The Primitive Methodist Church, Mills Terrace, Chatham

By the early nineteenth century, some Methodists believed that Wesleyan Methodism was becoming detached from ordinary people and far too respectable. They believed in reaching out to the poor and disadvantaged by evangelism and outdoor meetings. These critics were eventually expelled from mainstream Methodism and created their own movement, so-called “Primitive Methodism”. Their first chapel was opened in Staffordshire in 1811, and the movement soon spread around the country. The “Prims” were especially strong in working class urban areas.


A preacher from Ipswich created the first Primitive Methodist group in Chatham in 1844. Rooms were rented in various back streets until a substantial chapel was built in George Street off Fair Row in 1849.


By the 1890s, the George Street Chapel had become too small to accommodate the growing congregation. It was “small enough to put in a waistcoat pocket”, according to one minister. The Church purchased a plot on a building estate being developed on former nursery and brickfield land on the western side of Magpie Hall Road.


Plans were drawn up by George Bond, the ubiquitous local architect, and building work was commenced in 1893 by the prolific local builder and borough councillor, Charles Skinner. The building was formally opened in February 1894. Meanwhile the George Street site went through a variety of uses, including the venue for the Chatham Spiritualist Church.


   

The new Primitive Methodist Church was on rising ground, so the entrance to the chapel itself was in Mills Terrace, and that of the adjacent Sunday School at a lower level in Salisbury Road. The exterior was of red brick with stone dressings in the then fashionable Gothic style. A small tower was erected at the Magpie Hall Road end. The new church could accommodate 200 worshippers on pitch pine seating. The timbered interior was in plain “Prim” style. The Sunday School had room for 400 children.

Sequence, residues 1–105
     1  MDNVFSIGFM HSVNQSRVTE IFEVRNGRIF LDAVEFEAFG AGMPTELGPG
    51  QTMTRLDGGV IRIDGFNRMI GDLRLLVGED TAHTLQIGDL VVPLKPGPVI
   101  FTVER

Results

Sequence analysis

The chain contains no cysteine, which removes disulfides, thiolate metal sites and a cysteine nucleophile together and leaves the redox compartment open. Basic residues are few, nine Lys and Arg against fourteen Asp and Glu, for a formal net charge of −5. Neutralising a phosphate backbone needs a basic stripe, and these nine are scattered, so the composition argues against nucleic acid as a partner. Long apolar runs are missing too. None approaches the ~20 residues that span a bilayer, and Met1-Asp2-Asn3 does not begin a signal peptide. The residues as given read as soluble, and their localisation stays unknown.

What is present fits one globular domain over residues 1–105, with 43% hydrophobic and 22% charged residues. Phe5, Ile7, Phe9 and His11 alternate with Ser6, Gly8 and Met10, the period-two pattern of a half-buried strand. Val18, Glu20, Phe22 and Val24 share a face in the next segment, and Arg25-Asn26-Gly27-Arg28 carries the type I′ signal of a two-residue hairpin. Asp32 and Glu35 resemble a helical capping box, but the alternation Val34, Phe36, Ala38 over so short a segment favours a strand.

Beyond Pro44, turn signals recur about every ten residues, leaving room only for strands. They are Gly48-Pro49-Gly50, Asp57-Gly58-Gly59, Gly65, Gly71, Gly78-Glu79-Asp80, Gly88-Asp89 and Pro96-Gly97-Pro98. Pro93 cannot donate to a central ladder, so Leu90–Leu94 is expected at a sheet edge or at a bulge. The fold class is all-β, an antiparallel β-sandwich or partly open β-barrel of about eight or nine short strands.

At the stone-laying ceremony in 1893, a minister reminded his audience that the “Prims” had been born in open air meetings and, said the local newspaper, “hoped the time would not come when they would be too respectable to continue working in the open air”.




However, the denomination’s days were numbered. The Wesleyans and “Prims” had been working towards reconciliation for some time. With the decline of non-conformism after the First World War, the pressure was on for a rationalisation. In 1932, the two groups came together to form the United Methodists.


The Mills Terrace building remained open for worship until its Diamond Jubilee year in 1954, when it was put up for sale. The buildings have had a variety of uses since (e.g. Southern Sheds Ltd were the occupants in the late 1970s). At the time of writing, they are again being used for worship, this time by the Christian Spiritualist Church.


NB The “Prims” also had a chapel in Gillingham Road, Gillingham until 1923, when a school-chapel was opened at the bottom of Nelson Road to replace it. Anticipating Methodist unity, the Primitive Methodists kept the building small, but left a large area in front empty for a possible larger church later. This never happened; the former school-chapel is still in religious use, but by a different denomination.